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3 Tips When Working with Volunteers

Working with the staff and leadership of The Village Christian Church was an absolute pleasure. The wonderful relationship that we were all able to develop allowed for excellent collaboration and the ability to solve project hurdles quickly.

Using the design/build delivery method we were able to maximize the overall amount of space as well as its function based on the overall budget established by this ministry. As a trusted partner, we will do whatever we can to work within a customer's ministry budget parameters.

With ministry projects, challenges can arise at times with the need for careful communication and collaboration. On this recent project the ministry was able to procure donations of several items providing them with the ability to save a significant amount of money. These items were to be installed by volunteers who were associated with the church. Having a clear definition of where our scope of work stops and the volunteer's scope starts can be challenging.

Here are 3 tips when working with volunteers:

  1. THANK them for their commitment to the ministry and willingness to serve.
  2. Provide them with a thorough understanding of what needs to be completed in their area of service.
  3. Confirm for the benefit of the ministry that each are qualified and have the time to accommodate the master construction schedule. Determine in advance which areas need skilled labor and which areas need the work of many hands.

Proper sequencing of volunteers can also be difficult since most of the volunteers are performing their work after hours. Thankfully we were able to work through these challenges with good communication established at the onset of the project. Because of this they were able to receive the cost savings without greatly extending the overall schedule.

The end result is an attractive and inviting ministry facility with the ability to accommodate many uses for ministry.

Partnering with Al-Amin Brothers Transportation

Partnering with Al-Amin Brothers Transportation through the design and construction of their new refrigerated warehouse, freezer and corporate headquarters was an honor for PBS.

Al-Amin Brothers Transportation approached PBS as they were making plans to accommodate their continued growth. Their plans were strategic around how to best accommodate their team, continue to provide quality service to their customers and keep up with changing regulations within the industry.  Their desire was to work with a single source of delivery/responsibility for the design and construction of their new facility.  By utilizing this delivery method, Al-Amin worked closely with PBS to develop the most efficient facility for their needs.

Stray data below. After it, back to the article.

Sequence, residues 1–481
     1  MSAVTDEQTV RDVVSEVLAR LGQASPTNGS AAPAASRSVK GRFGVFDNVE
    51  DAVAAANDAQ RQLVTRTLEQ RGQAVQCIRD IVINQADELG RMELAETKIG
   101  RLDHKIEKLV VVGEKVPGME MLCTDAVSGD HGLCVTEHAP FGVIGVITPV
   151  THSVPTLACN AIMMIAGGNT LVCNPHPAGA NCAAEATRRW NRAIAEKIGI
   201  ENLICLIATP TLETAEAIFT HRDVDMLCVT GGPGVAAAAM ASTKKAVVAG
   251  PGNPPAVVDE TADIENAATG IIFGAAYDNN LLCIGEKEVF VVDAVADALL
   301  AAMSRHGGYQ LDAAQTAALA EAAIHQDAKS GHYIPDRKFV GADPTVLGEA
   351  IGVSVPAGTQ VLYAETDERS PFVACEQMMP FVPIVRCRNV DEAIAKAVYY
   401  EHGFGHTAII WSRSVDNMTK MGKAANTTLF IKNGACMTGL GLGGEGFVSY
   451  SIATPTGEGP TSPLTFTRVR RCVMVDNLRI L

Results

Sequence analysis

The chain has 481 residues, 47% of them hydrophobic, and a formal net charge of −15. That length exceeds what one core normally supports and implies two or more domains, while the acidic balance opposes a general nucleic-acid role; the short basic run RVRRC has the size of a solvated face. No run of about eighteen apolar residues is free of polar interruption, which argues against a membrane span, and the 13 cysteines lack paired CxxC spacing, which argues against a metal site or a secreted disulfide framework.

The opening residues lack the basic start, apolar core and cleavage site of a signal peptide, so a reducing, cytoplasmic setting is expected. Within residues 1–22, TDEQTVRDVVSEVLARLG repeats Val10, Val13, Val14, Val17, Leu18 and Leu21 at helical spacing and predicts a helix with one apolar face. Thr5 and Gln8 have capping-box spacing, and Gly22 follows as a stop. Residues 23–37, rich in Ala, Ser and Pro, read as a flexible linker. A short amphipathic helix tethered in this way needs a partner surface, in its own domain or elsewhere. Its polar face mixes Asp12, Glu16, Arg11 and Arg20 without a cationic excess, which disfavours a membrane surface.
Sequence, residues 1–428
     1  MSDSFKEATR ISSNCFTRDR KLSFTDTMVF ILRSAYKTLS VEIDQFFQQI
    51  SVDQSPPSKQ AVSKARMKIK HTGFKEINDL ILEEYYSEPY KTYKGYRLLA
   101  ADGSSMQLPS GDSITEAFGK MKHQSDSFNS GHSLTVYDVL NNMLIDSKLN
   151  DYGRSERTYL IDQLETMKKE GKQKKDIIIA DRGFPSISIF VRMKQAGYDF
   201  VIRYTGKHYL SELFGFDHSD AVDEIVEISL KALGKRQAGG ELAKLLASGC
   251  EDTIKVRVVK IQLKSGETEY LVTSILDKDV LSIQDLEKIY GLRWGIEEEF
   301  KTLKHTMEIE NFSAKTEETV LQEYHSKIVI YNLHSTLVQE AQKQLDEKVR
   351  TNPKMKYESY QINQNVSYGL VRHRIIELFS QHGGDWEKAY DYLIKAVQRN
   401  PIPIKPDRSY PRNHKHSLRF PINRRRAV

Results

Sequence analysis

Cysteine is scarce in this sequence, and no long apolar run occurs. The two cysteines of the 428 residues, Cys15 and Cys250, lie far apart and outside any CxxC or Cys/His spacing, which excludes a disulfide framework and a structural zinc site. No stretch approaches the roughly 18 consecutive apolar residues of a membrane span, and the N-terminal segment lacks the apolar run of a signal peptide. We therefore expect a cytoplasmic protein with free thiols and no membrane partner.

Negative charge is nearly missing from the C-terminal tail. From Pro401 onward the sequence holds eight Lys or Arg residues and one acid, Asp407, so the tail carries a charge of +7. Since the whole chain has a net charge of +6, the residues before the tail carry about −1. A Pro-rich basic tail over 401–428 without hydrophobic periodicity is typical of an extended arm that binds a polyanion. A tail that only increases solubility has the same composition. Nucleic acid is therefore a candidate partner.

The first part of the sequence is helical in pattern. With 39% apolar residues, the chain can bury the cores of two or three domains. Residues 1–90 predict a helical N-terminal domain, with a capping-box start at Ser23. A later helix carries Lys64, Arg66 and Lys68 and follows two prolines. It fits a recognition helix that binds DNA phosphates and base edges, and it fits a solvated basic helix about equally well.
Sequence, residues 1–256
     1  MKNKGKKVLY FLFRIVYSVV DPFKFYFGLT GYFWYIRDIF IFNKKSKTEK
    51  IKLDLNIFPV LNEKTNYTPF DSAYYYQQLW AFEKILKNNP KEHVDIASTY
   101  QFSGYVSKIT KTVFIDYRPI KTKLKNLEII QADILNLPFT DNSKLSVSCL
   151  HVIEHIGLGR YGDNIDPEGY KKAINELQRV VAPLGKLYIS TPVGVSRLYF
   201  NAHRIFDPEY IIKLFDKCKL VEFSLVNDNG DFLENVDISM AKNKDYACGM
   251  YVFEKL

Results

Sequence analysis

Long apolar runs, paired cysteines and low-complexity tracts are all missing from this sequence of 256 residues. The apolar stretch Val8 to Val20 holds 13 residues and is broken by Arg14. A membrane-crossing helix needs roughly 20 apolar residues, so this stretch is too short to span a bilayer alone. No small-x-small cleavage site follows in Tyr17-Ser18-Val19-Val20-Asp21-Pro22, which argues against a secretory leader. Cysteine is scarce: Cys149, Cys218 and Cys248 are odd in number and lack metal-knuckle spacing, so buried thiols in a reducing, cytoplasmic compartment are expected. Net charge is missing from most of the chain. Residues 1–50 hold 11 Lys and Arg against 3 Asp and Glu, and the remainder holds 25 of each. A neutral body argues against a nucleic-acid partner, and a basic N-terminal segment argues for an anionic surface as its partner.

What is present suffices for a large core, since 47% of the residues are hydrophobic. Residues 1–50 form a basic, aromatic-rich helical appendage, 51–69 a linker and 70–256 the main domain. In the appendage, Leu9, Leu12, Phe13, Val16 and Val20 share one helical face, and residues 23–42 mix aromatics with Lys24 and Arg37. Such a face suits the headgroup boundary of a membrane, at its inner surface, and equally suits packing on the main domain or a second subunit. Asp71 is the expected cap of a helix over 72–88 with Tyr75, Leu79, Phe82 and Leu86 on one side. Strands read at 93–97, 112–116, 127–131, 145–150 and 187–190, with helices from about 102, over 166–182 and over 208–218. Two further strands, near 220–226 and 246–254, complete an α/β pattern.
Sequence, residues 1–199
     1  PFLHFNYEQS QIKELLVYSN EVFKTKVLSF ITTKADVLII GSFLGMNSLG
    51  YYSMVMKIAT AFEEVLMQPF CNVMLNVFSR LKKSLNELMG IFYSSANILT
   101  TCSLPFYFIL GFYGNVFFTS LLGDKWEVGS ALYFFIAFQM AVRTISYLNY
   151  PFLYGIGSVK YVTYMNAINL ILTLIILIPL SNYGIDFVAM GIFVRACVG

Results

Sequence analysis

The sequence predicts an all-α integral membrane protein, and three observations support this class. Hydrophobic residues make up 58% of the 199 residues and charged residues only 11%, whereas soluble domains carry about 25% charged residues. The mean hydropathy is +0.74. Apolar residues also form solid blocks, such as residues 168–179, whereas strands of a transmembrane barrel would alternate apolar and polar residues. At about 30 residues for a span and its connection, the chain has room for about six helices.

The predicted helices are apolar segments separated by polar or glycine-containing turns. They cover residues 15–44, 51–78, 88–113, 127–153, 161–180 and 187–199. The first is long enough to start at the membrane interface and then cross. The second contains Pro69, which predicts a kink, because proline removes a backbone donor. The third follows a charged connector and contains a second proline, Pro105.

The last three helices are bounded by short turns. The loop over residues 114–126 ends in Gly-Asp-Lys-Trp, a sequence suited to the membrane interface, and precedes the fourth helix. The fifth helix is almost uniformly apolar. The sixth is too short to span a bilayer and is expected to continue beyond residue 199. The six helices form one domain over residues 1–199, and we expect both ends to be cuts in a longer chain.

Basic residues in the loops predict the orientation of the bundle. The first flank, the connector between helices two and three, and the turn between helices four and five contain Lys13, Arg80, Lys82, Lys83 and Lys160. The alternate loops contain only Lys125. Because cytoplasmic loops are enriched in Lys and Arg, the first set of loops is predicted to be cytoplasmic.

After a period of extensive and thorough planning including coordination with local government and permitting authorities the final design provides them with a professional, efficient and aesthetically pleasing facility.  Their new headquarters also provides them with significant room for expansion and positions Al-Amin Brothers Transportation at the forefront of the refrigerated cooler/freezer warehousing and transportation industry.

As great as the experience was, the more valuable result of this partnership for PBS was the relationship that developed with the Al-Amin Brothers team.

Church Design Builder

PBS is a design builder specializing in the planning, design and construction of commercial and religious buildings throughout Illinois, Indiana and Wisconsin. As a design builder, it has been proven that the more planning and coordination that can occur under one umbrella, the more opportunity there will be for project success byway of cost effectiveness and overall construction efficiencies.

Through our 5-step process, we work closely together to build a relationship with those we are partnering with. The PBS team is comprised of Certified Church Consultants and is in leadership as a member of the National Association of Church Design Builders (NACDB). As a part of this National Association we bring to our customers opportunities to partner through PBS with a comprehensive team of professionals who provide churches with the systems and resources they need for a fully integrated project. While the PBS planning process is important to help insure that each of our ministry partners are developing the best tool for their ministry needs, we do not allow this process to get in the way of ministry vision.

Our team are equipped to meet ministry needs by way of providing Green Church Solutions, Demographics, Communicating Your Vision, Multi-Site Churches, Masterplanning and Programming, Stewardship and Financing for the 21st Century, design, construction and construction management.

We look forward to the opportunity of serving your ministry. For more information, click here.

What is Design/Build?